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A CurtainUp London Review
The plays opens with a really spellbinding rewinding of action we haven't yet seen to a jazzy piece of music. Drinks are poured back into bottles as we mentally retrace who left them there unconsumed and the open plan untidy living room/ kitchen becomes a tidy area. Frank (James Lance) is watching football on the television when he is interrupted by the arrival of Rosanna (Lesley Sharp) and Deanne (Lisa Palfrey) who have come to spend Saturday night with Frank and Katie (Indira Varma). These visitors, women in their mid-forties, are there to share a curry, drink a lot and watch the latest reality audition show, The X Factor. Along the way we learn about their families and their problems and are exposed to a rainbow of addictions.
None of Grosso's characters are really likeable or sympathetic and this places the audience in a predicament. Rosanna likes the sound of her own voice and is intransigent and opinionated in a very negative and destructive way. If she is addicted to anything, it's carping about other people and finding fault where none was intended. Deanne, with an abusive childhood behind her, has four children from four different men, overeats and gets belligerent when demanding more alcohol. Katie and Frank having been to "meetings" to handle Frank's drug addiction reel out the prissy soundbites expected of the recovering drug dependents in group therapy, "it's not alcoholwasm, it's alcoholism they spout, sounding trite and naive as they argue that addictive behaviour is not something you can choose. Left alone, Rosanna and Deanna comment on Katie's predilection for relationships with drug addicts: she was married to a pop star and now lives with Frank and works for another addict.
If Grosso's play is a slice of real life, it is a life of communal misery and despair raddled with insecurity and futility. We are hamsters on a wheel, following repetitive routines which lead no-where. Grosso doesn't allow us to dwell on any of the characters or their predicament before swiftly moving onto someone else's addiction. Deanna son' with unmanaged diabetes is matched by her recidivist other son who will re-offend after being in prison before seeing her. Her only contact with him will be in the form of a call from the police saying he's been arrested again.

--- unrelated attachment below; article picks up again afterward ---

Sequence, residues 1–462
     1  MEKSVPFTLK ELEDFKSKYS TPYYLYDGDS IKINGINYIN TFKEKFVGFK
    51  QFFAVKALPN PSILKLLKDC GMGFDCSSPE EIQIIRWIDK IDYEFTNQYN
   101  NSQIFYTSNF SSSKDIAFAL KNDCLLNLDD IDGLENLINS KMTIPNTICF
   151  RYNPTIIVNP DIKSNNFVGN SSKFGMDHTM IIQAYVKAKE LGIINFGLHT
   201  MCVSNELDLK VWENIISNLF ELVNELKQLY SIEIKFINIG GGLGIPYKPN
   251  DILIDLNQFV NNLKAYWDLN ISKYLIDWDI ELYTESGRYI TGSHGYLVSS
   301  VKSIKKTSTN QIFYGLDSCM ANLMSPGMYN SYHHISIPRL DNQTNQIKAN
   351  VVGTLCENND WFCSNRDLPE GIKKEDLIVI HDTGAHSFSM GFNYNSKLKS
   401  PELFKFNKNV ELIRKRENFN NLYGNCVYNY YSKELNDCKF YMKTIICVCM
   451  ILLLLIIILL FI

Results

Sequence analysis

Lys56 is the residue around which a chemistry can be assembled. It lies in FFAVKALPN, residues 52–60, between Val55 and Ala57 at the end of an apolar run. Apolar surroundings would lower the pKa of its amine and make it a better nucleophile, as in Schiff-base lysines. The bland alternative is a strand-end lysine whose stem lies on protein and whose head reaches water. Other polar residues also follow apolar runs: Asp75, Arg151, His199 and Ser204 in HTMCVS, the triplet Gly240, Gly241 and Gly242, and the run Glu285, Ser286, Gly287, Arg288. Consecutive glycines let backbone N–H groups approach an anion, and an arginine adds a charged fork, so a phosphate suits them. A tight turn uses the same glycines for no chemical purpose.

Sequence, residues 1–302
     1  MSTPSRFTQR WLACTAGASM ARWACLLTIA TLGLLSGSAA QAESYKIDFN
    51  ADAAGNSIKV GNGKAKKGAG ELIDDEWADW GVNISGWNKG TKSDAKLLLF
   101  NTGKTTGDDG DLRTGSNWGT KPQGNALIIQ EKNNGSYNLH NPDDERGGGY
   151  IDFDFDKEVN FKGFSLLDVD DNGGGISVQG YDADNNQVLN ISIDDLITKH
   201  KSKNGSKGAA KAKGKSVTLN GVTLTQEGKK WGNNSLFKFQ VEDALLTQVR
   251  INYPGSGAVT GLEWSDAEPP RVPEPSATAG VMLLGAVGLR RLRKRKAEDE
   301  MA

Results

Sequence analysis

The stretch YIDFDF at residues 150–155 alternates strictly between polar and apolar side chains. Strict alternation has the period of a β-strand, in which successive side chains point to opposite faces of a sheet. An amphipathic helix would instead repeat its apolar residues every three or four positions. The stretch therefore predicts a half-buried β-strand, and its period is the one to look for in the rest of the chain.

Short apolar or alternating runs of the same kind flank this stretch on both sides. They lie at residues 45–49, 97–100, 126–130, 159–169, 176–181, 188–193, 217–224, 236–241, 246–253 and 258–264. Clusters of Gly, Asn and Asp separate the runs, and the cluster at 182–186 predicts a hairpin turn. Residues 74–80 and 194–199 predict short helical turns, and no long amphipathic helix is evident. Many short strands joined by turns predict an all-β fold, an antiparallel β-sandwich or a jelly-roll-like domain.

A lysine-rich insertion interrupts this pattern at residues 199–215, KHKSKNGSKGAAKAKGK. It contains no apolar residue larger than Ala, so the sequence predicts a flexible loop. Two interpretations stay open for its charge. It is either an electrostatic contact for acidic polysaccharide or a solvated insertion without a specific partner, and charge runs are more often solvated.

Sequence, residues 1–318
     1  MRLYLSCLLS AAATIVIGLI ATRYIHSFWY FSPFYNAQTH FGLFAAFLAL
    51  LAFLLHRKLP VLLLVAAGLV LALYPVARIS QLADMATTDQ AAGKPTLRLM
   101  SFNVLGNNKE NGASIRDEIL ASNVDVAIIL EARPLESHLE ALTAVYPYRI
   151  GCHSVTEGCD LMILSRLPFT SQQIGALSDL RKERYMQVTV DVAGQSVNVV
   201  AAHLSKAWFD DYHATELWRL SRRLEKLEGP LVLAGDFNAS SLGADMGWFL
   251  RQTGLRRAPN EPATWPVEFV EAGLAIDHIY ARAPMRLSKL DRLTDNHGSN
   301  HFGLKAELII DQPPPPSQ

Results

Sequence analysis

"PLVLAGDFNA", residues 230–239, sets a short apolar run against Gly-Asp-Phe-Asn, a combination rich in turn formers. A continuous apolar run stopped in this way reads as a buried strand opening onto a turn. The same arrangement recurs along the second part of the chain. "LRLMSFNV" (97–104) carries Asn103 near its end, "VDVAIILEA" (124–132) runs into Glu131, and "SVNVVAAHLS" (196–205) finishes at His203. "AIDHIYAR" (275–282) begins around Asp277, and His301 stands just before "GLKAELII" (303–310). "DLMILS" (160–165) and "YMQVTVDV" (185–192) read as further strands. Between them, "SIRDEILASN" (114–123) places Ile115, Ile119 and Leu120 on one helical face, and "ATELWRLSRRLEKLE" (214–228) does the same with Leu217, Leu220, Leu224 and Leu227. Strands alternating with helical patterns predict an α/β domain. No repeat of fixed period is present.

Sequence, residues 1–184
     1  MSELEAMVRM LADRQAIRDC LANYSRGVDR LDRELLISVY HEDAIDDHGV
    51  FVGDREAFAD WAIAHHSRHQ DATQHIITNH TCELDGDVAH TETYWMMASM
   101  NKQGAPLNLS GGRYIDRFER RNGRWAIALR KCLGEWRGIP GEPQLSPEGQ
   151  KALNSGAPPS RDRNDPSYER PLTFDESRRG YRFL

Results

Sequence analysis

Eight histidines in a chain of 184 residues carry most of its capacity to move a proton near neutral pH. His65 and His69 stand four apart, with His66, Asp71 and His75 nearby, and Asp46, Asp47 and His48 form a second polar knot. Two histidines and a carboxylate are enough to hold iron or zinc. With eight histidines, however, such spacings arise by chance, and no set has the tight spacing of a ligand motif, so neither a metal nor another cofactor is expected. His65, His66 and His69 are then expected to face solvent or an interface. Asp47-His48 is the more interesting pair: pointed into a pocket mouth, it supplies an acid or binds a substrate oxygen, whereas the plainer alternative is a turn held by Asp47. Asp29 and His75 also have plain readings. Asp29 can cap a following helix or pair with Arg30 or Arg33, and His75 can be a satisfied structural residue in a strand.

Lesley Sharp is magnificent as resentful Rose who never holds back when there is something unpalatable to be said. "Ask Kate. She's an expert on the subject. She's had more addicts than I've had leg waxes." Rose often amusingly forgets the last word of sayings, uttering things like "Discretion is the better part of . . ." and "A problem shared is a problem . . ." She rattles through her condemnation of those around her and even the detailed, accurate but disturbing description of what her ex-husband, a drug addict has become, fails to ignite a candle of sympathy. When she upsets and hurts her friends, she repeatedly claims that she is telling it how it is.
Lisa Palfrey's character Deanne has good intentions but is permanently flaky, making endless resolutions that she never carries through and gets nasty when there is no drink available. Worn down Indira Varma as Katie is trying to get it right but lands up with liabilities, men needing her care and support as well as a daughter staying with Kate's druggie ex and his new wife and Katie and Frank's new baby. Frank closes the play with a frenetic cleaning job, probably demonstrating just a touch of OCD when I fully expected him to start snorting the coke he scored when he went out. I was wrong. Frank is the character who seems not to believe in what he is saying but that may be deliberate.
Too many of the addictions are merely touched on, mentioned in passing, celebrities with Botox or cosmetic enhancements, the kids next door and video games, addiction to the internet or internet dating, but there is a rhythm to Nick Grosso's writing, some of it like soliloquies off the street but his subjects are bleak and the play is hard to recommend.
Retold by Tina Packer of Shakespeare & Co.
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